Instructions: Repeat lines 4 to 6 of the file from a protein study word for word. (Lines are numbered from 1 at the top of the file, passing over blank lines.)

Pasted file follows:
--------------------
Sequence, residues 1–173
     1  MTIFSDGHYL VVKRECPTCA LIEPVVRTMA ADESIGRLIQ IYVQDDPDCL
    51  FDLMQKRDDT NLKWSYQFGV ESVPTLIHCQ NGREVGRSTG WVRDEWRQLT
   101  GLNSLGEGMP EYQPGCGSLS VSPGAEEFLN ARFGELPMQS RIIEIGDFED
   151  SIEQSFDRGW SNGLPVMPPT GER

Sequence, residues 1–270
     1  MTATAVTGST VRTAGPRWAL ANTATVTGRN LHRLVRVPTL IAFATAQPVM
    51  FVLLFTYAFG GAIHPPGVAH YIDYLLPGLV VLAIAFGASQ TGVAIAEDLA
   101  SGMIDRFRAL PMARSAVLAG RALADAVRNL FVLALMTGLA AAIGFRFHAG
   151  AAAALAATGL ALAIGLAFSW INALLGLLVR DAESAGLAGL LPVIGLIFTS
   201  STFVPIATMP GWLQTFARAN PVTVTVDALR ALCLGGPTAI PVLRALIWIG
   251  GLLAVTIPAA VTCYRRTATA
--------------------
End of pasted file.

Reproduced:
   101  GLNSLGEGMP EYQPGCGSLS VSPGAEEFLN ARFGELPMQS RIIEIGDFED
   151  SIEQSFDRGW SNGLPVMPPT GER

Sequence, residues 1–270